## Projective Space

Before trying to define projective space, we consider an example.

Example Consider the affine plane curve X defined by

y2 - y + x2 + x + 2 x y = 0.

The point (x,y) = (0,0) clearly satisfies this equation, so it lies on X. Look at the intersection between X and a line y=mx passing through the origin. We have

m2 x2 - m x + x2 + x + 2 x m x = 0

or

(m2 + 2m + 1) x2 + (1-m) x = 0

There are, therefore, two solutions. Either x = y = 0 or x = (m-1)/(m+1)2 and y = (m2-m)/(m+1)2. For most lines, we get exactly two intersection points. (When m=1, we get a single point counted with multiplicity two.) This result makes sense since X is a curve of degree 2, and lines have degree 1. the only problem arises when x = -1, when the second intersection point disappears because we are trying to divide by zero. Algebraic geometers are bothered when a discrete invariant (like the number of points of intersection) jumps in the middle of a continuous process. In this case, the extra intersection point has escaped to infinity. One of the points of introducing the notion of projective space is to bring it back.

Definition We define projective n-space over an algebraically closed field k, and denote by Pnk, the set of lines through the origin in An+1k.

Remark We can give an explicit description of Pnk in terms of coordinates. To give a line through the origin, you must pick a point x = (x0, , xn)An+1k with at least one nonzero coordinate. Any other point (except the origin) on the line is related to x by being a scalar multiple of it. In other words, any other point has the form ax = (ax0, , axn) for some nonzero element ak. Thus, the points of projective space are equivalence classes arising from the equivalence relation on An+1k\{ (0,,0)} given by identifying xax. We will write (x0::xn) for one of these equivalence classes, and will refer to each coordinate as a homogeneous coordinate.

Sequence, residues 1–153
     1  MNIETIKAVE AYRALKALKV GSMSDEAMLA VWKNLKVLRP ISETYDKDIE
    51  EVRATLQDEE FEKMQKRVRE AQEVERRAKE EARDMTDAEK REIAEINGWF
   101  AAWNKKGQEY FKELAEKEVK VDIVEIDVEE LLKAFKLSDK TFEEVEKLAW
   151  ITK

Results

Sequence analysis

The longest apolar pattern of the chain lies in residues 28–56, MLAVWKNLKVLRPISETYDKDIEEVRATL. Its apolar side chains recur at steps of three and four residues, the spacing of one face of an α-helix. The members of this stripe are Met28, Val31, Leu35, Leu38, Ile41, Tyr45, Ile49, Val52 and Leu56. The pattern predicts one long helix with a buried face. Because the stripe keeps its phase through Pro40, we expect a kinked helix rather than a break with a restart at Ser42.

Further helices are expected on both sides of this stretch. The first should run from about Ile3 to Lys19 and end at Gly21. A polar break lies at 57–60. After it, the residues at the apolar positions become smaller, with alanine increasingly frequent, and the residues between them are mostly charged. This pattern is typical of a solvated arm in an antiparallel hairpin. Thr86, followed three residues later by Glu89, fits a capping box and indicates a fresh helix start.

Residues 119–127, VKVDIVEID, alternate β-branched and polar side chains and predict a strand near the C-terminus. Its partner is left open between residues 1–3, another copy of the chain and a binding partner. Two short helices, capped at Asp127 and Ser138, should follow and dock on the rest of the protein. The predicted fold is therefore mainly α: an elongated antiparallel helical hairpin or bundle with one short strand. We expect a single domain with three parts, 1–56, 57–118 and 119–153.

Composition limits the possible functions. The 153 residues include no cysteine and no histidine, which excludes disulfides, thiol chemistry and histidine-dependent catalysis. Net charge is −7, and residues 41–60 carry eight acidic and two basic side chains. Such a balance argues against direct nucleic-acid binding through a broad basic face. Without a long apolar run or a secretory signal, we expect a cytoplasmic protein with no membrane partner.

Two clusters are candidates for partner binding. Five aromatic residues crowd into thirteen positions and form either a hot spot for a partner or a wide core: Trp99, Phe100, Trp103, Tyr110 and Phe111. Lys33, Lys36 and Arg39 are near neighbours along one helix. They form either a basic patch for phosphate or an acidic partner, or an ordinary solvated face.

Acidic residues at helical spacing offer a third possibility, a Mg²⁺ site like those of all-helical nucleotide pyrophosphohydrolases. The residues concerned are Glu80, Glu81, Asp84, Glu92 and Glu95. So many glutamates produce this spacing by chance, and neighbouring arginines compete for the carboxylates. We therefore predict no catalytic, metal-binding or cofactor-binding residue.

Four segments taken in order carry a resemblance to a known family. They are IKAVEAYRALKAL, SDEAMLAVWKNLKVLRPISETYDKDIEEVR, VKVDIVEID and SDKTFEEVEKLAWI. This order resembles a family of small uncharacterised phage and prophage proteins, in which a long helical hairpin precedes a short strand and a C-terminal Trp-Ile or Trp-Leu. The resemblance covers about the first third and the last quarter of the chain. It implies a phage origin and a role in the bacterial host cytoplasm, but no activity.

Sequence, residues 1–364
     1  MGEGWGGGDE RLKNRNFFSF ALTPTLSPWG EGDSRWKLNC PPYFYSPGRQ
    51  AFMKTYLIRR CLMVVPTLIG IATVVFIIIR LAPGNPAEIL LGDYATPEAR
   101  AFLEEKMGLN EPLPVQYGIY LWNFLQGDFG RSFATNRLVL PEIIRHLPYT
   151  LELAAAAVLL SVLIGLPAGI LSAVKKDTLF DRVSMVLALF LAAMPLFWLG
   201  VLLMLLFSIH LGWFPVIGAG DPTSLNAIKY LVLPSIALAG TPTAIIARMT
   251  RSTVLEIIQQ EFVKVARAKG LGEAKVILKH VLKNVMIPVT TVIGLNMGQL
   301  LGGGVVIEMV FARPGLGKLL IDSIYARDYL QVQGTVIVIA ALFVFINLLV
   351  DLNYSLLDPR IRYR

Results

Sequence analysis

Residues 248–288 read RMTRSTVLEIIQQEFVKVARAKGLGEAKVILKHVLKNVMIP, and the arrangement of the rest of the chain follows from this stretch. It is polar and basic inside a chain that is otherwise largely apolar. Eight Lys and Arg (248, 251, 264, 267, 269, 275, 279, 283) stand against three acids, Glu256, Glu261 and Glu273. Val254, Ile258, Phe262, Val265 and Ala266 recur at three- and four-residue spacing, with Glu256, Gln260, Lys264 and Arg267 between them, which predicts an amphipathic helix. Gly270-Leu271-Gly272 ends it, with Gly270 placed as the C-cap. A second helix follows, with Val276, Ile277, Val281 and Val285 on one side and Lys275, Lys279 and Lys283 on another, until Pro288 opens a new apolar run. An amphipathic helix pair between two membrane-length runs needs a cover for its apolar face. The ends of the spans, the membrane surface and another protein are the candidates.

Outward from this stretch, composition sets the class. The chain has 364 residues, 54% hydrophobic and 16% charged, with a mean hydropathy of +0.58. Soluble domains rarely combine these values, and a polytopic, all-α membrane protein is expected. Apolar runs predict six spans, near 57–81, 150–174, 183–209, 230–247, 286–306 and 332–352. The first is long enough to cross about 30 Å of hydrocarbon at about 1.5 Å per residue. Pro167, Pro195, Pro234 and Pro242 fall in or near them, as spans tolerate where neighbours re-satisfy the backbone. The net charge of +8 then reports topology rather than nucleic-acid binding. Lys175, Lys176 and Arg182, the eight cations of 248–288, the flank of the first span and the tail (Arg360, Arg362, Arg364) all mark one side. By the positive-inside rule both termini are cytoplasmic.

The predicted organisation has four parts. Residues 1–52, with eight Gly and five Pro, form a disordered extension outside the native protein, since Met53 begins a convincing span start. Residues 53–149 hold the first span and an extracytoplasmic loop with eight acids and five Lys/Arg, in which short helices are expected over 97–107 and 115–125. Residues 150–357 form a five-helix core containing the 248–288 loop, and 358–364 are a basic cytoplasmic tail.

The description we have just given of projective space using coordinates is external; next, we want to investigate an internal description. Let U0 = {(x0:,xn) Pnk : x0 0}. Because the lead coordinate is nonzero, we can divide by it to normalize the representative of an equivalence class of a point in U0. In other words,

(x0::xn) (1: [x1 / x0]: [x2 / x0] : : [xn / x0]).

The normalized form of the homogeneous coordinates of points on U0 is unique, and we get a natural bijection between U0 and Ank = kn.

Let

Z0 = Pnk\U0 = {(x0::xn) : x0 = 0} Pn-1k.

Thus, we can think about building Pnk by starting (internally) with affine n-space Ank and adding something at infinity; namely, Z0. In particular,
1. P0k is just a point.
2. P1k is obtained by adding a single point to the affine line.
3. P2k is obtained by adding a copy of P1k to the affine plane. In other words, we add one point for each direction of a line through the origin of the affine plane.

It's time to start thinking about a topology on projective space. Start with a polynomial f k[x0, , xn]. It makes perfect sense to talk about where f takes on the value zero on affine space, but it makes no sense to discuss this on projective space. The problem, of course, is that f might vanish on one representative of an equivalence class, but not on other representatives.